Blockchain was initially created to be a decentralized library of Bitcoin transactions that take place within the Bitcoin network. A decentralized or distributed database / library basically means that storage devices, where libraries are located, are not connected to an ordinary processor. Blockchain has a growing list of transactions through blocks. Each block is timed and then linked to the previous block to become part of the block chain.
Before computers, people kept their important documents safe, making many copies of them and storing them in impermeable steel boxes, buried treasure chests, or bank vaults. As an additional security measure, you would translate each of these documents into a secret language that only you can understand. That way, even if someone manages to break into your bank vault and steal your stuff, they won’t be able to understand your cryptic messages, and yet you’ll have plenty of backups stored in other locations.
Blockchain puts this concept on steroids. Imagine that you and millions of people are able to make copies of all your files, encrypt them with special software, and store them on each other’s digital banking repositories (computers) all over the Internet. That way, even if a hacker enters, steals, or destroys your computer, it can’t interpret your data, and your network of friends still has 999,999 backups of your files. That’s a short blockchain.
Special files, mixed with encryption software, can only be read by a few people, stored on ordinary computers, connected over the network or over the Internet. Files are called books – they record your data in a specific way. Computers are called nodes or blocks: personal computers that share processing power, storage space, and bandwidth with each other. And the network is called a string – a set of connected blocks that allow computers to work together to distribute books to each other (hence, blockchain).
The social impact of blockchain technology has already begun to materialize and this may be the tip of the iceberg. Cryptocurrency has already raised questions about financial services through digital wallets, the expansion of ATMs and lending and payment systems. Considering that there are now more than 2 billion people in the world without a bank account, this change is life-changing and can be positive.
Perhaps the change in cryptocurrencies will be easier for developing countries than the fiat money and credit card process. In a way, it is similar to the transformation that developing countries have undergone with mobile phones. It was easier to get large quantities of cell phones than to provide new infrastructure for landlines. Decentralization away from governments and control over the lives of people will take over a lot and social implications can be quite significant.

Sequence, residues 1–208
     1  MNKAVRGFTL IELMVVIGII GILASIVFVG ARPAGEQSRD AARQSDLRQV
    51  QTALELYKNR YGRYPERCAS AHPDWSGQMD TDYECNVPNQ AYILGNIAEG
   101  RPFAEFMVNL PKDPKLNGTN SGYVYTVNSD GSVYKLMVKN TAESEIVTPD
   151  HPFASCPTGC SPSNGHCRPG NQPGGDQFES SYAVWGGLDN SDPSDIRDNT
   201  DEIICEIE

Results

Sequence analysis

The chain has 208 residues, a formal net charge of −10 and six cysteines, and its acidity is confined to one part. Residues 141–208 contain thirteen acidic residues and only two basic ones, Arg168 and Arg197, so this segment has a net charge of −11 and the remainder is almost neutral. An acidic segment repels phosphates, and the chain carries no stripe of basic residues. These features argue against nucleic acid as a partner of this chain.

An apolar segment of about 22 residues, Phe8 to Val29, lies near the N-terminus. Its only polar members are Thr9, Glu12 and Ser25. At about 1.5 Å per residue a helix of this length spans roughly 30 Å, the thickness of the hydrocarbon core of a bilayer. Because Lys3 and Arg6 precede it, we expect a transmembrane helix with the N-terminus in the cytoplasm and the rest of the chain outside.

The wave of identity thefts that has hit the news in recent years should be noted. Giving people control of identification would certainly eliminate these incidents and allow people to display the information with confidence. In addition to providing access to non-poverty banking services, greater transparency can also increase the profile and effectiveness of charities working in developing countries under corrupt or manipulative governments. Increasing the level of trust in which money is channeled and for whose benefit it would lead to greater contributions and support in places in the world that are in dire need of assistance to the poor. Ironically, and not in line with public opinion, blockchain can build a financial system based on trust.
Taking it one step further, blockchain technology is well positioned to eliminate vote opportunities and all other negatives associated with the current process. Believe it or not, Blockchain can solve some of these problems. Of course, new obstacles and problems will come with a new technology, but the cycle goes on and these new problems will be solved with more sophisticated solutions.
A decentralized book record would provide all the necessary data to accurately record the votes anonymously and to verify the accuracy and manipulation of the voting process. There would be no fear of voters being able to vote in the privacy of their own homes.
It remains to be seen whether blockchain technology will become a part of everyday life. Although inflated expectations raised the possibility of an end to the central bank and the responsibilities we know today, the end of the centralized financial system is perhaps a step in the right direction so far. Time will tell how the blockchain will evolve, but one thing is for sure today. The status quo is no longer an option and change is needed.